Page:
IE 11 Not Supported

For optimal browsing, we recommend Chrome, Firefox or Safari browsers.

Interest Builds Around Fed’s Cyber Unit Going to San Antonio

The Texas city, already known as Cyber City USA, failed to lure the Space Command. But some leaders are hopeful it has a shot at being home to the U.S. Space Force’s cyber warfare headquarters.

(TNS) — The U.S. Space Force is planning to create its own cyber warfare headquarters, it confirmed this week, and some San Antonio leaders are vying to land the unit here.

San Antonio — already known as Military City USA and Cyber City USA — may seem a natural fit for the new organization but the military's basing process is slow and complicated by special interests and political motives.

The city learned those lessons the hard way when it failed to lure Space Command two years ago. But at least some say they're ready to take another shot.

With about 9,000 military members and 5,000 civilians — about three times fewer people than the Coast Guard — the Space Force is the nation's newest and smallest military service. Established in late 2019 as part of the Department of the Air Force, it's responsible for securing the vastness of space. As it grows, it's launching units tied to the nation's warfighting commands as other services have.

Among those is a cyber warfighting component, said Air Force Maj. Vicky Porto, a Space Force spokesperson.

"The Space Force intends to stand up service components to all the combatant commands, including CYBERCOM," she said. "Initial mission analysis is currently underway for a Space Force Service Component to CYBERCOM, but the date for that standup has yet to be determined."

She didn't provide details on the timing, size or mission scope of the new organization.


Because the 16th Air Force, the branch's lead cyber unit that's also known as Air Forces Cyber, is already at JBSA-Lackland, some see the city as a natural home for the future Space Force cyber organization, too.

Among those is Jim Perschbach, president and CEO of Port San Antonio. He and other political and economic development leaders already are courting the Air Force and lawmakers to build a new campus for the 16th on Port San Antonio.

According to him, landing Space Force Cyber on Port San Antonio would add to the mix of national security, cyber, aerospace, robotics, space, entrepreneurial and academic entities already on the southwest side campus.

The nature of cyber work requires collaboration across services, he said, so some of the facilities could host joint as well as individual operations.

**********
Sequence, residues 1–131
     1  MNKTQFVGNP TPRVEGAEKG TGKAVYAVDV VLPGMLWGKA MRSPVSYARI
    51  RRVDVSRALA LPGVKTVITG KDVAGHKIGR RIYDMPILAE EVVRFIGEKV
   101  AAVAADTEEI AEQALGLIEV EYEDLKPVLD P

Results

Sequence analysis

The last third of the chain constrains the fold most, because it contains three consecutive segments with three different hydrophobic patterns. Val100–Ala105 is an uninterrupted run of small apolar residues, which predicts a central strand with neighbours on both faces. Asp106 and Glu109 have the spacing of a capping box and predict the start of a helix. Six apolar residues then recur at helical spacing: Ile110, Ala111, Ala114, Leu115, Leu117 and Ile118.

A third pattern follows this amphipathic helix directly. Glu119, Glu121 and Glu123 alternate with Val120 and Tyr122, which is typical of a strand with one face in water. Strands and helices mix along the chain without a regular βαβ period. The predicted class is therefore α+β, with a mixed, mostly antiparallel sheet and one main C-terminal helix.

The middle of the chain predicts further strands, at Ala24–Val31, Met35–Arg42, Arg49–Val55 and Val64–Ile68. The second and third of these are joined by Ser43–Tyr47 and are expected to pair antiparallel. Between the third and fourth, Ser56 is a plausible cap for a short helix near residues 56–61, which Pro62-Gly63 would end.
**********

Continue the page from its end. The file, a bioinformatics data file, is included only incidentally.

"The proximity both to the other service components as well as to the academic, research, commercial and entrepreneurial ecosystem would add value to everybody," he said Tuesday. "So our view is we are building this for critical infrastructure protection writ large, with the military cyber obviously being a key component."

Port officials are having regular conversations with the Air Force and Space Force, he said, and the military has been "very open to innovative ideas" that provide efficiencies and help the U.S. compete against adversaries like China and Russia.

"They're very interested in conversations that advance the national security interest," he said.

While he thinks Space Force Cyber could also land at the port, he's not saying it would necessarily be collocated with the future Air Forces Cyber. If not, there could be some overlap.


Three years ago, San Antonio learned it fell short its bid to bring the U.S. Space Command.

It's one of 11 combatant commands responsible for operations and warfighting around the globe, and San Antonio made a full-court press to bring the unit here.

Despite making it as far as being one of six finalists from a list of 50 cities, the Air Force ultimately selected Redstone Arsenal in Huntsville, Ala. The Biden administration overruled the Trump-era decision, however, and the headquarters has remained at its current location in Colorado Springs, Colo.

The snub stung local officials, and, according to Perschbach, they've learned some lessons from the experience. Those included staying "really, really focused on the goal, and as much as possible, try and avoid falling into the political and bureaucratic morass that can come in," he said.

Years of effort to bring Space Command to San Antonio ultimately lost focus, he said.

This time the city is focused on its "value proposition ... not just in terms of dollars and cents and timeline, but the larger value proposition of how the talent and technology integration allows the national defense to really be focused on national security."

While any formal proposals to attract Space Force Cyber aren't as developed as those for Air Forces Cyber, Perschbach sees the possibility as an opportunity for the port and community.

The regional economic development hub, Greater: SATX, has also offered its support of trying to attract another military unit.

"Port San Antonio is one of our greatest assets as the growing on-campus ecosystem seamlessly connects the military with commercial and education partners," said Jenna Saucedo-Herrera, Greater: SATX's president, in a statement Tuesday. "We are supportive of the work Jim and his team at Port San Antonio are doing to position the region as a national leader in the cybersecurity and defense sectors."

©2024 the San Antonio Express-News, Distributed by Tribune Content Agency, LLC.